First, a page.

Prince: Enigmatic Musician Dies Without a Will or Trust

Prince: Enigmatic Musician Dies Without a Will or Trust

We were still mourning the loss of David Bowie when we learned that Prince had tragically died a few weeks ago in his Minnesota home. A mysterious superstar who was widely regarded as a musical genius, his popularity transcended generations and genres. Prince sold more than 100 million albums and was inducted into the Rock and Roll Hall of Fame in 2004—20 years after the soundtrack to “Purple Rain” was a multi-platinum success.

It has been estimated that Prince’s estate is worth $300M

Prince owned a dozen properties in and around his famous Paisley Park complex in suburban Minneapolis: mostly rural pieces of land and some houses for family members. Public records show those properties were worth about $27 million in 2016. In addition to this, he owned his publishing rights and master recordings–apparently an unusual arrangement.

For music’s superstars, estate values increase with death

Prince’s relatives will be seeking control of the lucrative Prince brand. One source noted that Prince has produced a significant amount of music that lives in a vault and has never been released, and there’s another economic variable to be factored in. As we’ve learned from other musical superstars, their music grows in value after they’ve died. There is no question that the value of Prince’s music, like the post-mortem entertainment empires of Michael Jackson, James Dean and James Brown, will grow exponentially in death. Think about this: Elvis Presley died in 1977; incredibly, his estate earned $55M in 2015.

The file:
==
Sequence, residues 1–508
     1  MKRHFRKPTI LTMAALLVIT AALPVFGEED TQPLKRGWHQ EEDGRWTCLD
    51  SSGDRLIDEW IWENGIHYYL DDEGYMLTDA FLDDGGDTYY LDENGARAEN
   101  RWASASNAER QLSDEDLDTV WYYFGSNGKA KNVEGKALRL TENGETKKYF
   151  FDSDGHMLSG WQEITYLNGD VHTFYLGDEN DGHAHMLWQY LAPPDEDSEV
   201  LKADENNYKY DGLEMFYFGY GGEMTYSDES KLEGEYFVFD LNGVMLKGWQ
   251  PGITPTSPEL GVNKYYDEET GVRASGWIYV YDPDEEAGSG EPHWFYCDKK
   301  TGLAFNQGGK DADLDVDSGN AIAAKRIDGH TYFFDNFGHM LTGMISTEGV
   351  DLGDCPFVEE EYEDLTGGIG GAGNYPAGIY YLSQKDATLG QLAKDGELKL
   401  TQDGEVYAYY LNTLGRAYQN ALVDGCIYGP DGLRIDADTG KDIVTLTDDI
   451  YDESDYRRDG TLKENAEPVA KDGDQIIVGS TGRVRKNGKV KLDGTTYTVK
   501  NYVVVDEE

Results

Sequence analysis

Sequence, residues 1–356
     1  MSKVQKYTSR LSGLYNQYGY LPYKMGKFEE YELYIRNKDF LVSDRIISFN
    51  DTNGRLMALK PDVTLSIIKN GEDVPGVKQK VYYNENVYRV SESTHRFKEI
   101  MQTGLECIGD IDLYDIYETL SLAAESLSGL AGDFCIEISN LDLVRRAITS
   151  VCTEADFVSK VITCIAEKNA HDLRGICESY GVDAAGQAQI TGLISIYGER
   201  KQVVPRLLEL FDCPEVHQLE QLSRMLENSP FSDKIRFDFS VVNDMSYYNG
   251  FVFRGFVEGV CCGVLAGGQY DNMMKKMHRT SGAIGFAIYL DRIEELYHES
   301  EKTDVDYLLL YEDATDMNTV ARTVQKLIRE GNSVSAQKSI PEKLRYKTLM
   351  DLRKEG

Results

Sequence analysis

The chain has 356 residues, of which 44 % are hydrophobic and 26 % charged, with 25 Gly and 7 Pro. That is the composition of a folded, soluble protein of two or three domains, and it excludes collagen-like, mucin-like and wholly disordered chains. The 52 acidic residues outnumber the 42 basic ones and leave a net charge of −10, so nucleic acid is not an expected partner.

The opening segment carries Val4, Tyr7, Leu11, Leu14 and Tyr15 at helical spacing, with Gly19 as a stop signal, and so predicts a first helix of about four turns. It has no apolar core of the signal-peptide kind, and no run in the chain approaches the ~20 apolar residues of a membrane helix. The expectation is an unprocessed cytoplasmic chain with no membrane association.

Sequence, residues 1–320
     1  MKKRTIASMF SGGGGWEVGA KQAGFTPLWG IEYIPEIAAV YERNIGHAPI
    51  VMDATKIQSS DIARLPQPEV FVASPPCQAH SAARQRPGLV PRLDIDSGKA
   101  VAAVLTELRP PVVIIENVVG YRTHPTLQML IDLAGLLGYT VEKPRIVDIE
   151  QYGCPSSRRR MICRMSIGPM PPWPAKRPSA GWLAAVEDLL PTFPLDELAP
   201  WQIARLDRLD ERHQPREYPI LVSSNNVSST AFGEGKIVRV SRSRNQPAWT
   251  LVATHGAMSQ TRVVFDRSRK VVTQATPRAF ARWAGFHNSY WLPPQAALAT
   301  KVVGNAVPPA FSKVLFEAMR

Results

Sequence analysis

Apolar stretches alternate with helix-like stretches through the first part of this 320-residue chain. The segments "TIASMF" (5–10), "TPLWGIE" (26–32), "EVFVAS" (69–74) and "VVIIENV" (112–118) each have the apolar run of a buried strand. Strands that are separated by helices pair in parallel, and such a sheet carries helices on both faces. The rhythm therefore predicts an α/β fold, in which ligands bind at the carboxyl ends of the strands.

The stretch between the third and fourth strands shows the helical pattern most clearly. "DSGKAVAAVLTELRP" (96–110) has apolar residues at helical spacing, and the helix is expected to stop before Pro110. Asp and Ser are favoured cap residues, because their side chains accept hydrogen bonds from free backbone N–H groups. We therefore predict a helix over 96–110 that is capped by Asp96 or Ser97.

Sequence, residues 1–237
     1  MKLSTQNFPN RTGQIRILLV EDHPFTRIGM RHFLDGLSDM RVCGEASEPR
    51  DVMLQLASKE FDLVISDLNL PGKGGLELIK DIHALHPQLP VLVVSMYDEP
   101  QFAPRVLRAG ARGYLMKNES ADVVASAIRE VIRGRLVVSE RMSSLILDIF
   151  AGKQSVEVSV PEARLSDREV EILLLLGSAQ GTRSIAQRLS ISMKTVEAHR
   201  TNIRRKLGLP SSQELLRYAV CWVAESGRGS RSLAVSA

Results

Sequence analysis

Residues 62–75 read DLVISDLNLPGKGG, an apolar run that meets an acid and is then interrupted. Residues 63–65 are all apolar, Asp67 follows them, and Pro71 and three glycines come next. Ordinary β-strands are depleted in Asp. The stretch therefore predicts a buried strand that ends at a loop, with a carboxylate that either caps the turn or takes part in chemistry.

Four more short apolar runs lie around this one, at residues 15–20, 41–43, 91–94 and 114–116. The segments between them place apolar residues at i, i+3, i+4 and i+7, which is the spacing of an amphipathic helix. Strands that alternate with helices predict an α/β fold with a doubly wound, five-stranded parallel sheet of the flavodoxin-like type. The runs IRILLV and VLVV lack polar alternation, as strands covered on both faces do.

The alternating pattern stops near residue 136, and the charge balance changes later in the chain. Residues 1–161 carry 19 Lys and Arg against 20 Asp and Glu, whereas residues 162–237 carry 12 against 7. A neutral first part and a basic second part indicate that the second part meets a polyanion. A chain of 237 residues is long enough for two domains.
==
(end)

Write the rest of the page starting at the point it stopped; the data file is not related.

So who inherits Prince’s estate?

Prince was twice divorced, had no known children and his parents were deceased. He had one full sibling, sister Tyka Nelson, and five half-siblings who could share in his estate. At the request of Nelson, Bremer Bank, National Association, which provided financial services for Prince for a number of years, has been appointed administrator of the estate. To the best of Nelson’s knowledge, Prince did not have a Will or Living Trust, so Bremer Bank now has the authority to manage Prince’s assets and to ask the court to determine the identities of his heirs.

The public reality that is Probate

When a celebrity dies—especially one who has captured hearts and headlines for more than 30 years–it’s big news. Prince was young, just 57, and may have thought he had plenty of time to create a Will and Living Trust. We don’t yet know the cause of death, though there are rumors of ill health and an addiction to powerful opioid painkillers. These issues should have motivated him to create a Living Trust but clearly did not. The endless media attention and speculation about net worth and heirs are reasons most celebrities create Trusts. Without one, an estate becomes part of the court-administered process of Probate, which is how Prince’s estate will be settled. For Prince’s heirs, the process will not only be long, expensive and painful; it will also be public.

Have you been procrastinating about creating a Living Trust? Contact California Document Preparers at one of our three Bay Area locations and schedule an appointment today!